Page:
Last installment, I touched on 3 ways to improve data organization. Today’s theme is “good weekly habits”.

I always found my weeks filled up quickly in graduate school. There were always experiments to set up and execute, results to analyze, and don’t forget your coursework! However, there are a few things you can do that demand less immediate attention, but have big pay offs in the long run. Attending seminars and other departmental gatherings, keeping up on the literature, and making sure you’re on track are all things that are easy to put off, but you shouldn’t let them fall by the wayside.

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Lessons Learned from My Master’s, Part 1: Organizing Big Research Projects

One of the big reasons I wanted to complete a Master’s program rather than embarking on a Ph.D. immediately after my undergraduate studies was to get a handle on managing big projects. Everything in an undergraduate program is necessarily limited in scope to either one or two terms, and you don’t have to be particularly organized to get through that amount of time.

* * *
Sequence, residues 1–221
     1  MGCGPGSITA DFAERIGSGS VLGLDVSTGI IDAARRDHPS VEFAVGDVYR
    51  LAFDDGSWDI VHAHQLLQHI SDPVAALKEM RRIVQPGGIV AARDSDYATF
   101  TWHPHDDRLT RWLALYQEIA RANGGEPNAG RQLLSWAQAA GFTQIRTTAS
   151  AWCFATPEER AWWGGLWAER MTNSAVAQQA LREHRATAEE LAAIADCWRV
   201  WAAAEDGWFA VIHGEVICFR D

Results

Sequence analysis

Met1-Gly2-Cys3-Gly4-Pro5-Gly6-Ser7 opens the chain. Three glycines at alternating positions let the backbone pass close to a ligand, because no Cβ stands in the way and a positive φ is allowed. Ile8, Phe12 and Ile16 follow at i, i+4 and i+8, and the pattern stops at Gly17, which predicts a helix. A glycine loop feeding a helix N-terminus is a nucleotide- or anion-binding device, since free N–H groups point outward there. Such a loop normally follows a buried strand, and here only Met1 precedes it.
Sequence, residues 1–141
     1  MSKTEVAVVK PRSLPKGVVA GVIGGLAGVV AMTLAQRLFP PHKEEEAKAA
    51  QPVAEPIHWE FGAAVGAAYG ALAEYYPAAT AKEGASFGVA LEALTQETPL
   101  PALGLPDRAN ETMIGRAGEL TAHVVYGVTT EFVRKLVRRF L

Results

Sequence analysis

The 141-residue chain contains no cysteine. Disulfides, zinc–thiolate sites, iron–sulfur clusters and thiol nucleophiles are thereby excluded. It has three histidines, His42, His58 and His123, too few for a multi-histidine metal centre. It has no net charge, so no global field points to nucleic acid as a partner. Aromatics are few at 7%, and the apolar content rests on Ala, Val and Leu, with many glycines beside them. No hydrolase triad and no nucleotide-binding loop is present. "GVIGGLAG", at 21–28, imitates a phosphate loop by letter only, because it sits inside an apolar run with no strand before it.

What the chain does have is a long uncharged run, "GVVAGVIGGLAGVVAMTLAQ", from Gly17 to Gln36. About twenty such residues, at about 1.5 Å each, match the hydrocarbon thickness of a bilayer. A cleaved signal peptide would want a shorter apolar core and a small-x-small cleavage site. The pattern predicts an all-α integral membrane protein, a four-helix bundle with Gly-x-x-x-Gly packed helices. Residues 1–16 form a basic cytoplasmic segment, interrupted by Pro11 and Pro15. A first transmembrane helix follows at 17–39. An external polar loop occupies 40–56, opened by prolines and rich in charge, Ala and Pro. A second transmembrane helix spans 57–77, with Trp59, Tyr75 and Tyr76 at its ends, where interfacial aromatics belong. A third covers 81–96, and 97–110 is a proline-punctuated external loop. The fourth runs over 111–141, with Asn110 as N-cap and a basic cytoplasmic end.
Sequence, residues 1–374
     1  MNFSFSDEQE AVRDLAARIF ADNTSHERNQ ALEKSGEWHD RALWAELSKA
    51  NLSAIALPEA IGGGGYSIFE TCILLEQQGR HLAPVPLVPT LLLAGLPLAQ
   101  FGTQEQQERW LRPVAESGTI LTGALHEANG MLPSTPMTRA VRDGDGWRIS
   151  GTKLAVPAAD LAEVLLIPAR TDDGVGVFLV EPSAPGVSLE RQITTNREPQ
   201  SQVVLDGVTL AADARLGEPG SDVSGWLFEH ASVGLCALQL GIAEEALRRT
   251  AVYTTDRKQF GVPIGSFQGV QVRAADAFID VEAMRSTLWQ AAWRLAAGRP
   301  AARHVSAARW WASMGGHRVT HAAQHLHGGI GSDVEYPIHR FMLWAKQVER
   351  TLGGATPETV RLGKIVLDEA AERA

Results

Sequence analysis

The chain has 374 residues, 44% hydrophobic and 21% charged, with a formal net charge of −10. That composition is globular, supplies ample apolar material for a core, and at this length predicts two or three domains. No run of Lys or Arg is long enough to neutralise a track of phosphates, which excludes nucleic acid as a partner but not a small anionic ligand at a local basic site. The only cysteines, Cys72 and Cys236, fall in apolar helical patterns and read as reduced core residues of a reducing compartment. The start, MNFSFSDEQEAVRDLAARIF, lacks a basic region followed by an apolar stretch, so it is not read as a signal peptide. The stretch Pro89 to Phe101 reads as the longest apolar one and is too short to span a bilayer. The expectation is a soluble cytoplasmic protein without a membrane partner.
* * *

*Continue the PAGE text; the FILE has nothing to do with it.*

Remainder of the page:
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Geological/Scientific Drawing

I saw these links posted on Reddit (/r/geology), and wanted to post them here for future reference. Here are some great resources for geological and other science illustration:

Geologic Map Patterns for Canvas (R), Illustrator (R) and Freehand (R) , from Andreas Plesch and the USGS

Integration and Application Network (IAN) symbol library, which contains 2604 science/ecology symbols (vector format), including lots of geologic environments.


Our paper is out now! It is available here (open access until the end of this year).